In 2007, Purdue Pharma ultimately plead guilty in federal court of misbranding its product and agreed to pay $600 million in fines, one of the largest amounts ever paid at the time by a drug company. According to an Oct. 30, 2017, article in The New Yorker, the marketing was intentionally misleading, often presenting these drugs as safer and more effective than other painkillers.
Legal battles over OxyContin continue to this day. For example, earlier this year the Cherokee Nation filed a lawsuit against distributors and pharmacies in Tribal Court over the opioid epidemic. In January, the city of Everett, Wash., filed a lawsuit against Purdue Pharma, alleging that the company knew its product was being sold on the black market.
On Aug. 3, Multnomah County filed a $250 million lawsuit against several major U.S. pharmaceutical companies, including Purdue Pharma. The county alleges that drug companies spent vast sums of money “marketing, advertising, generating articles, holding continuing medical education courses, making sales visits to individual doctors, and supporting a network of professional societies and advocacy groups intended to create a new, yet false, consensus supporting the long-term use of opioids.”
Such efforts were “wildly successful,’’ the county asserts, making billions in profits, but also creating a “profit-driven public health crisis.’’
‘It took everything from me’
Tribal member Barry Larsen is a recovering addict and alcoholic. He takes tramadol to manage pain, but says it doesn’t cause problems for him.
“I take it as prescribed and don’t abuse it,” he says. “Alcohol is my drug of choice and has been a problem for the past 25 years, but not opioids.”
At one point, he was hooked on methamphetamine, but quit using it two years ago.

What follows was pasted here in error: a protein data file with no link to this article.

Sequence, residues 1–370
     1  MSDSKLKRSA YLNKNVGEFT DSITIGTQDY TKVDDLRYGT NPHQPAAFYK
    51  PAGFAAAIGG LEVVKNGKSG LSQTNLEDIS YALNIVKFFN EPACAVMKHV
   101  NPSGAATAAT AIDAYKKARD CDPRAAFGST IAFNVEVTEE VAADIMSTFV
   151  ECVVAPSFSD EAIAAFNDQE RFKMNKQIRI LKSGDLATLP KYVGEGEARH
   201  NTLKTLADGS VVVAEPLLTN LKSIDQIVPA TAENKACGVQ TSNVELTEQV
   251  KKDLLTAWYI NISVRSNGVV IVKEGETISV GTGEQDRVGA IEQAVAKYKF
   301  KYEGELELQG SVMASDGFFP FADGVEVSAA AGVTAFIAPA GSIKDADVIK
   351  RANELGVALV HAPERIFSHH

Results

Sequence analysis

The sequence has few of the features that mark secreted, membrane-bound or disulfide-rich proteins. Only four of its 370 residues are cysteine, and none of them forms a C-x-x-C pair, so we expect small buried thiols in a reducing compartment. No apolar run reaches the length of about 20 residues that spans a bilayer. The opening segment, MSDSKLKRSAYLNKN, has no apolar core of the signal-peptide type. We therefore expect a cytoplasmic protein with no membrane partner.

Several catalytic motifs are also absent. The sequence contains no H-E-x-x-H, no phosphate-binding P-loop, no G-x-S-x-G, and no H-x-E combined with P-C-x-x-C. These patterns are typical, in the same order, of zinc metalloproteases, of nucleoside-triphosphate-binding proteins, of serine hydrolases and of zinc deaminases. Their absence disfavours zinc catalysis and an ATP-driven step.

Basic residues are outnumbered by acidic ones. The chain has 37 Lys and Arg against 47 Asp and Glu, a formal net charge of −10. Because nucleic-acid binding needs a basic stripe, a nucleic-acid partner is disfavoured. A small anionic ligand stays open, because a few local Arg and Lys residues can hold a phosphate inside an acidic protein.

“It took everything from me,” Larsen says. “As long as there was dope around, everything was good. But when we were sitting there at Christmas with no tree, no presents and our power about to be shut off, that was enough.”
Today, he co-leads classes for recovering addicts in Grand Ronde, a far cry from where he was a few years ago. Although Larsen doesn’t struggle with opioid use, he knows of others who have, with devastating consequences. Opioids contain heroin, which is known as being one of the most difficult drugs to quit using due to extremely painful withdrawal symptoms.
“I believe what really started this whole thing was OxyContin,” Larsen says. “People were crushing it, snorting it and smoking it. The pills were like $30 each. When you get per capita, you can do that but eventually it becomes a problem. A heroin dealer comes rolling along, and gives them more for much cheaper, and pretty soon they’re addicted.”
Behavioral Health Alcohol/Drug Counselor Joe Martineau knows all too well about the devastating effects of substance abuse.
“Today, it seems as if we treat every problem with a drug,” he says. “This is a problem nationally and on this Reservation. It’s at a point today where a higher percentage than ever are using prescription medications. It is important to educate the Tribe about what prescription drug abuse is and what the symptoms are.”
Some of those symptoms include constipation, nausea, feeling high, drowsiness, confusion, poor coordination and increased pain with higher doses.
“We need to come together as a community to help our people be in less danger,” Martineau says. “If you’re in a situation where you are dependent on medications, and your doctor is prescribing less, then you may go to illegal sources and get the synthetic version.”
Synthetic opiates, often made in clandestine labs, have been responsible for an increasing number of overdoses because the drugs are often “cut” with other unknown and potentially fatal substances.
According to overdose records from 24 major cities reviewed by The Washington Post, synthetic fentanyl, a drug 100 times more powerful than morphine, rose from 582 fatal overdoses in 2014 to 3,946 last year. Officials estimate a much higher number of fatal overdoses this year, especially as the noose tightens around prescription drug availability.
The overdose stories hit Martineau close to home.
“My younger brother became super addicted to opiates,” he says. “This summer, he tried fentanyl for the first time and he died. I’ve lost three nieces, three nephews and three brothers to drugs. My connection is family … People are dying.”